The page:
Content: Slate Blackcurrant Watermelon Strawberry Orange Banana Apple Emerald Chocolate Marble
Background: Slate Blackcurrant Watermelon Strawberry Orange Banana Apple Emerald Chocolate Marble
Pattern: Blank Waves Notes Sharp Wood Rockface Leather Honey Vertical Triangles
Sign in to follow this  
Health Reporter

Pubmed-Childhood bladder and bowel dysfunction predicts irritable bowel syndrome phenotype in adult interstitial cystitis/bladder pain syndrome patients.

1 post in this topic

Related Articles

Childhood bladder and bowel dysfunction predicts irritable bowel syndrome phenotype in adult interstitial cystitis/bladder pain syndrome patients.

Can Urol Assoc J. 2017 Aug;11(8):255-259

Authors: Doiron RC, Kogan BA, Tolls V, Irvine-Bird K, Nickel JC

Abstract
INTRODUCTION: Many clinicians have suggested that a history of bladder and bowel dysfunction (BBD) in childhood predisposes to the development of interstitial cystitis/bladder pain syndrome (IC/BPS) or irritable bowel syndrome (IBS) in adulthood. We hypothesized that BBD symptoms in childhood would predict the IBS-associated phenotype in adult IC/BPS patients.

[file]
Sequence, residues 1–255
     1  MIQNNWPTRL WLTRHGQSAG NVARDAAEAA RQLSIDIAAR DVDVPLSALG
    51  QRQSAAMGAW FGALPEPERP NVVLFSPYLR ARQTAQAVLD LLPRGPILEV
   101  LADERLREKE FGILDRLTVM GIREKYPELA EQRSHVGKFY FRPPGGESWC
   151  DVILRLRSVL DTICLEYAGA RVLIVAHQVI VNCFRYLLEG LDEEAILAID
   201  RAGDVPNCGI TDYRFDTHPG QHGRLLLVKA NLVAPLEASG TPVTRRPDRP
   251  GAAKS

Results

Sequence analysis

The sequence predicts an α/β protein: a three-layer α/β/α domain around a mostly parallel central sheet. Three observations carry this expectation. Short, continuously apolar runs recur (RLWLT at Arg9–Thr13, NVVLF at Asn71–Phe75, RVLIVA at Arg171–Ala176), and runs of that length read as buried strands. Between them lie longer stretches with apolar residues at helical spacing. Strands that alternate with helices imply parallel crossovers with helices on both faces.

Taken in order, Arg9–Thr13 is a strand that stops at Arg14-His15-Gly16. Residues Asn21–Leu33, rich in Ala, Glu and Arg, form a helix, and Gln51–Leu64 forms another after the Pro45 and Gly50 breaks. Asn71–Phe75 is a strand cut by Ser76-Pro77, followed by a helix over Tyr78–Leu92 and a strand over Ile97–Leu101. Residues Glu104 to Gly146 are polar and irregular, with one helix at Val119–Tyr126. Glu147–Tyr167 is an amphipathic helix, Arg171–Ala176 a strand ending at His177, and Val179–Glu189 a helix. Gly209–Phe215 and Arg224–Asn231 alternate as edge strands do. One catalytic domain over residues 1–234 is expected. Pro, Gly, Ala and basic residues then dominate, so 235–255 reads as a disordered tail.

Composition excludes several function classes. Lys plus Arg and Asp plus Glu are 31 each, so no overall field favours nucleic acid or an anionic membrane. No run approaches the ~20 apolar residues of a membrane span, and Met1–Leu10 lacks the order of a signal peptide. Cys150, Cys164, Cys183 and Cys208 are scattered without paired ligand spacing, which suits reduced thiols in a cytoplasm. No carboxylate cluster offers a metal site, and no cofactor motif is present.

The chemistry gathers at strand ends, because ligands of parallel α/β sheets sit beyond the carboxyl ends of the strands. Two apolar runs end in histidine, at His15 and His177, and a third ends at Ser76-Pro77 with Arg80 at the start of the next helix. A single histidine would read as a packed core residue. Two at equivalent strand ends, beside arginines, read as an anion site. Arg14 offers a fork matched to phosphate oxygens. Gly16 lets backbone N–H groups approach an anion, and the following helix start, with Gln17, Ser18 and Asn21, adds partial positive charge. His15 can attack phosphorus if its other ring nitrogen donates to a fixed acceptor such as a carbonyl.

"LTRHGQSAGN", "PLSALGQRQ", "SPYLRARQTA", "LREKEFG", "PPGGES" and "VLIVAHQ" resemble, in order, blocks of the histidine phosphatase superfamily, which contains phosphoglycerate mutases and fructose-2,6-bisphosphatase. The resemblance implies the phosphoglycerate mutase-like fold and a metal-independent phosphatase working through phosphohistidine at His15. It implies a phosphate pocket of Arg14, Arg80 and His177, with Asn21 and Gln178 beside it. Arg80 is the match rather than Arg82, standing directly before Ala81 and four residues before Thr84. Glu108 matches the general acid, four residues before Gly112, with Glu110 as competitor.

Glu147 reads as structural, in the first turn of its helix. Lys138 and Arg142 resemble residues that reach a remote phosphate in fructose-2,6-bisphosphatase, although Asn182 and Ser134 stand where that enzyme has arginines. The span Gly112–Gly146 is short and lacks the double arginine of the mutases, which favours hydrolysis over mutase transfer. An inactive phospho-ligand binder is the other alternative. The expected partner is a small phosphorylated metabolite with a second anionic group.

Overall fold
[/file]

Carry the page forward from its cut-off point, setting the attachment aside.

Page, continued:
METHODS: Consecutive female patients (n=190) with a diagnosis of IC/BPS were administered a modified form of a clinical BBD questionnaire (BBDQ) to capture childhood BBD-like symptoms, as well as Interstitial Cystitis Symptoms Index (ICSI), Interstitial Cystitis Problem Index (ICPI), Pelvic Pain and Urgency/Frequency (PUF) questionnaires and UPOINT categorization. Patients were stratified to IBS-positive or IBS-negative according to clinical assessment of IBS-like symptoms.
RESULTS: The 127 patients (67%) identified with IBS-like symptoms recalled significantly higher BBDQ scores than the 63 patients (33%) who were IBS-negative (2.8 vs. 2.3; p=0.05). The IBS-positive patients also reported a higher number of UPOINT domains than their non-IBS counterparts (3.8 vs. 2.9; p=0.0001), while their PUF total scores were significantly higher (13.6 vs. 12.3; p=0.04). IBS-positive patients more often recalled that in childhood they did not have a daily bowel movement (BM) (p=0.04) and had "to push for a BM" (p=0.009). In childhood, they "urinated only once or twice per day" (p=0.03) and recalled "painful urination" more than those without IBS (p=0.03). There were no significant differences between the groups in answers to the other five questions of the BBDQ.
CONCLUSIONS: Our symptom recollection survey was able to predict the IBS phenotype of IC/BPS based on a childhood BBDQ. Further prospective studies are needed to further evaluate these novel findings.

PMID: 28798827 [PubMed]

View the full article

Share this post


Link to post
Share on other sites
Sign in to follow this